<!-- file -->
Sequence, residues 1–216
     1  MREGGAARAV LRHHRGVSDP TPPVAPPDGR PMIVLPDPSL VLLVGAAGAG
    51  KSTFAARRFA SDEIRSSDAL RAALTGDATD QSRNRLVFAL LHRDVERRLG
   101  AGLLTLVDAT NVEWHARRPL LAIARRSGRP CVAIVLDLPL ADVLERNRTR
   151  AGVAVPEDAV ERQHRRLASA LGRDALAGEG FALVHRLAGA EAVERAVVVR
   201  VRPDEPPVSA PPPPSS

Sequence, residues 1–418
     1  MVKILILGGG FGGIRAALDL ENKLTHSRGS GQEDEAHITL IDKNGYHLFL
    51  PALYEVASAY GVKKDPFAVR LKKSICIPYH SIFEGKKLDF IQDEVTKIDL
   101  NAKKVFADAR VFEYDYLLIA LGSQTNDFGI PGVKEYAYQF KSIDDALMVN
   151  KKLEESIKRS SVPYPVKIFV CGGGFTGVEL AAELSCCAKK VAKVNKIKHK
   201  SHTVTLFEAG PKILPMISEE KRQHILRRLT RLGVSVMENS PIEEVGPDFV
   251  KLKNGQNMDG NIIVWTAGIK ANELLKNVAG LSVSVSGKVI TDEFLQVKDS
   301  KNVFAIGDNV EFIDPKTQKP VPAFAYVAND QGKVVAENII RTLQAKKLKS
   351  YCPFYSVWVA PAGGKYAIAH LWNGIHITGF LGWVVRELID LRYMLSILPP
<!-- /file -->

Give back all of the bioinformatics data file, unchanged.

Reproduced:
Sequence, residues 1–216
     1  MREGGAARAV LRHHRGVSDP TPPVAPPDGR PMIVLPDPSL VLLVGAAGAG
    51  KSTFAARRFA SDEIRSSDAL RAALTGDATD QSRNRLVFAL LHRDVERRLG
   101  AGLLTLVDAT NVEWHARRPL LAIARRSGRP CVAIVLDLPL ADVLERNRTR
   151  AGVAVPEDAV ERQHRRLASA LGRDALAGEG FALVHRLAGA EAVERAVVVR
   201  VRPDEPPVSA PPPPSS

Sequence, residues 1–418
     1  MVKILILGGG FGGIRAALDL ENKLTHSRGS GQEDEAHITL IDKNGYHLFL
    51  PALYEVASAY GVKKDPFAVR LKKSICIPYH SIFEGKKLDF IQDEVTKIDL
   101  NAKKVFADAR VFEYDYLLIA LGSQTNDFGI PGVKEYAYQF KSIDDALMVN
   151  KKLEESIKRS SVPYPVKIFV CGGGFTGVEL AAELSCCAKK VAKVNKIKHK
   201  SHTVTLFEAG PKILPMISEE KRQHILRRLT RLGVSVMENS PIEEVGPDFV
   251  KLKNGQNMDG NIIVWTAGIK ANELLKNVAG LSVSVSGKVI TDEFLQVKDS
   301  KNVFAIGDNV EFIDPKTQKP VPAFAYVAND QGKVVAENII RTLQAKKLKS
   351  YCPFYSVWVA PAGGKYAIAH LWNGIHITGF LGWVVRELID LRYMLSILPP